3. Create a revision timetable
Most students end up cramming because they don’t organise their studying! The best thing to do when you know that you have an exam in the near future is to create a timetable for your study sessions.
Work out how many weeks you have before the exam and decide how much revision you want to do per day. Make sure that this is little and often! Then, make your revision timetable look colourful and enticing.
It really helped me to highlight the different study blocks I allocated to each day and colour in the different days. Making the schedule look more desirable will make you want to study more- trust me!
It can be good to place your study sessions at the times of the day where you feel the most awake, to maximise your productivity.
The key to studying effectively is preparation and organisation. Therefore, if you create a revision timetable, you are more likely to stick to your studying and revise when you are supposed to. This means that you will be able to relax the night before your exam!
If you want to find out how to make a really effective revision timetable, check out this article from Think Student.
4. Find an effective revision strategy
Even if you have studied as much as you can, you may still feel unconfident in your knowledge and may think that you still have to resort to cramming. If you started studying early, have been revising little and often but still don’t feel as if you are retaining all of the information, you may not be revising correctly.
There are so many bad revision techniques out there, which students continue to do! For example, rewriting out your notes or reading through your textbook.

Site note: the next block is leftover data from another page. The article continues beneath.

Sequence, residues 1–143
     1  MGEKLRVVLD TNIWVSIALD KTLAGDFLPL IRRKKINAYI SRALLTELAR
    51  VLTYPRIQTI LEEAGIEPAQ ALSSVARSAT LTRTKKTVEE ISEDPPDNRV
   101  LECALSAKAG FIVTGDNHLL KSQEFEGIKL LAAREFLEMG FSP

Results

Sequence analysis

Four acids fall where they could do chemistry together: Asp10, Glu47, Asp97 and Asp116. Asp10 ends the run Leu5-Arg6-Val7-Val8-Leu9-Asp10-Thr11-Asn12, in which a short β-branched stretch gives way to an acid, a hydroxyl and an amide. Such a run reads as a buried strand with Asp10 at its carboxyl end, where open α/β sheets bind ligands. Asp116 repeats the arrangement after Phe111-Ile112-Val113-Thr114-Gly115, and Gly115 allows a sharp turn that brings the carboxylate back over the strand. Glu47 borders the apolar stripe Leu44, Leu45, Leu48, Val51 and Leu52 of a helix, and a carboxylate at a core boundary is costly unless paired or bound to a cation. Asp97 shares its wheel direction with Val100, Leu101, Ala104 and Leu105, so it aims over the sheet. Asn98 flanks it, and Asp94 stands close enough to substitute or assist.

These are not very effective revision strategies at all! This is because they are passive and don’t allow you to actively recall information.
If you only do these revision methods, you are unlikely to remember what you need to and will then end up cramming the night before the exam. Therefore, it’s best to start with useful and effective revision techniques, which will definitely lead to you remembering absolutely everything!
For knowledge-based subjects, one of the best revision methods for active recall is flashcards. You can find out how to make the best flash cards for revision if you check out this article from Think Student.
Alternatively, this article from Think Student describes a whole host of other revision strategies which are also great for actively recalling information! If you have the correct revision technique, you are sure to remember everything you need to.
5. Minimise distractions
You may have the best revision methods in the world, but they still will not be very useful if you are continually distracted! When you are revising in your little study blocks, make sure that nothing is available to distract you.
This includes putting your phone on silent! Remove anything that will prevent you from doing your work, such as the television or even your dog if he keeps barking at you!
Minimising distractions means that you are more likely to complete some quality revision, so you will hopefully not be panicking the night before an exam. This is because you will be safe in the knowledge that you have revised to the best of your ability and won’t end up cramming when you realise that you haven’t really been paying attention during all of your revision sessions.
If you want to discover more tips on how to prevent cramming, check out this page from Virtue Map.
6. Look after yourself physically and mentally
Some students end up cramming before an exam because they didn’t look after themselves leading up to the exam. For example, they may not have been eating properly or getting enough sleep.
Therefore, you need to make sure that you have a good diet, with plenty of fruits and vegetables. Sleep is also important, as without enough of it, you are likely to become lethargic.